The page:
If Babe Ruth had lived a clean life, he could have been like Byron Nelson. Lord Byron, the cleanest living athlete of all time, lived until the age of 94. His life shows the power of storytelling.
His life story is the American dream. He is honored as one of the greatest golfers who ever lived, and he's also remembered as a perfect gentleman who did for everyone else before himself.
I met him a few times as a newspaper columnist writing about him. The other night, I shared a dinner at his former home in Roanoke, Texas with his wife Peggy Nelson, very much alive and fun and filled with Lord Byron stories. The ghost of Byron was everywhere.
There's his famous hat, the iconic image, resting on a table.
Over there in another room is a statue of him.
The power of storytelling is told in his quest for wins during his fateful 1945 golf season. He won 11 PGA tournaments in a row, a record that no one thinks will ever be broken. The earnings were not much by today's standards. But they helped Nelson save enough to buy his ranch.
His method is on display in a glass case outside Byron's Restaurant at the Four Seasons Resort & Club in Irving, Texas, his home golf course. It's not a golf club or a special ball. It's his little black book.
Although most men's little black books consist of something more notorious, Nelson's volume captures every tournament, every round of golf, every dollar he earned from 1935 to 1946.
His little book helps tell the story behind the story. Nelson won golf victories, sure, but the real reason for his success was something stirring inside his soul. More than anything, he wanted to win enough money to buy his dream ranch in Roanoke, a piece of Texas land he could call his own.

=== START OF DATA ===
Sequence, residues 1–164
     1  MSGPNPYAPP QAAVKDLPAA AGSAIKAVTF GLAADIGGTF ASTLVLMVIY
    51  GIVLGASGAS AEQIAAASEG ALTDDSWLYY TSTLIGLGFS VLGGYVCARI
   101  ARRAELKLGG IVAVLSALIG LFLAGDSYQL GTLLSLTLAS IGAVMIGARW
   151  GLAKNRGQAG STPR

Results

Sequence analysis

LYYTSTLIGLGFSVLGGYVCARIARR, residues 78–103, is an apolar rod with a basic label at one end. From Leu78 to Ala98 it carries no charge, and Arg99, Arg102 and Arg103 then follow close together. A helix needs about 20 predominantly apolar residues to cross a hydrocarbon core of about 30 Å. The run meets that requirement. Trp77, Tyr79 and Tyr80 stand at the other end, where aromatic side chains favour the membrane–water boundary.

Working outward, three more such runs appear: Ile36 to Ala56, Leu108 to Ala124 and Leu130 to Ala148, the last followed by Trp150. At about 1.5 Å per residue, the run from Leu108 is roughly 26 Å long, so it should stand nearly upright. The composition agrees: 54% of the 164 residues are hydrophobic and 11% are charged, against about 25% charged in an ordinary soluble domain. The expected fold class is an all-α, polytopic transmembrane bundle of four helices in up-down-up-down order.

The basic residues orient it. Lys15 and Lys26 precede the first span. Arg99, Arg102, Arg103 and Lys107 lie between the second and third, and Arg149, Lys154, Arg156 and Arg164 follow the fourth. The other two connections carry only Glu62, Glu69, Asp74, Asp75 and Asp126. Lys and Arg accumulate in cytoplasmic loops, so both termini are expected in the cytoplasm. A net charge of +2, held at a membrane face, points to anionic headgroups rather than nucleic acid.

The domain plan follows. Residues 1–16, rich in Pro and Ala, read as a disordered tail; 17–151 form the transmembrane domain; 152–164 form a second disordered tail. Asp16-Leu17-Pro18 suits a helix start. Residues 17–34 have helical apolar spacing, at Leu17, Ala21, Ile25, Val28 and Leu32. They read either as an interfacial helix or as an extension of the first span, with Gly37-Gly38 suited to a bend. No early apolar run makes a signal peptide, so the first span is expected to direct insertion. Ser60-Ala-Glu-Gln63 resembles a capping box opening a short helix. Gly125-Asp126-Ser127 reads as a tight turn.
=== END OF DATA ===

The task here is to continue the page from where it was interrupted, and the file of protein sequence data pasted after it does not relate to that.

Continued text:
The book was born of necessity. “I put myself on a strict budget,” he said of its simple origins.
In Nelson's early days on the professional tour, all his belongings fit in a car. While playing in tournaments, he barely had enough money for a hot dog and a soft drink for lunch. A sandwich was too extravagant. Sometimes he slept on his in-laws' front porch because his kitchenette apartment was too hot. He so badly wanted that ranch.
“Each putt was aimed at the goal of getting that ranch.”
As he wrote in his 1993 autobiography, How I Played the Game:
“Each drive, each iron, each chip, each putt was aimed at the goal of getting that ranch. And each win meant another cow, another acre, another 10 acres, another part of the down payment.”
But he needed $25,000 cash. And the tournaments in which he played paid just several thousand dollars, often in war bonds, to the winners.
How did he do it?
“I didn't work on my driving,” Nelson said about his swing. “I worked on my thinking.” And the black book helped him.
Between the 1944 and 1945 seasons, he reviewed the little book, and his meticulous record-keeping told him what he needed to concentrate on:
- Be a winner.
- Be a money winner.
- Lower my stroke average.
- Never play a careless shot.
Nelson worked on his thinking, and when the 1945 season began, he was as focused as could be. Every drive, each putt meant another cow, another acre.
As he dominated the pro tour – from Miami to Atlanta to Philly to Chicago – the acreage of his dream ranch became bigger and bigger in his sharply focused mind.
“That ranch gave me more incentive to really dig,” Nelson said. “When I set my mind on it, I didn't deviate. With that ranch situation, I didn't let up.”
He won those 11 consecutive tournaments and a total of 18 that year (another record). He lowered his stroke average an amazing five strokes per tournament. And he rarely played a careless shot.
He bought the ranch in May 1946 and named it the Byron Nelson Fairway Ranch: 630 acres near the Denton-Tarrant County line in Roanoke. He paid $55,000.
Byron Nelson's quest for perfection, for land, for honor inspires me. I see stories like this everywhere, in famous athletes and hard-working folks who accomplish the same, a quest for perfection, for land and for honor.
These are the kind fn wonderful stories speaker Dave Lieber tells. Remember that you can bring Dave Lieber to your group. He’s an expert in storytelling for business and showing the power of storytelling to increase sales, build support, raise money and attract attention.
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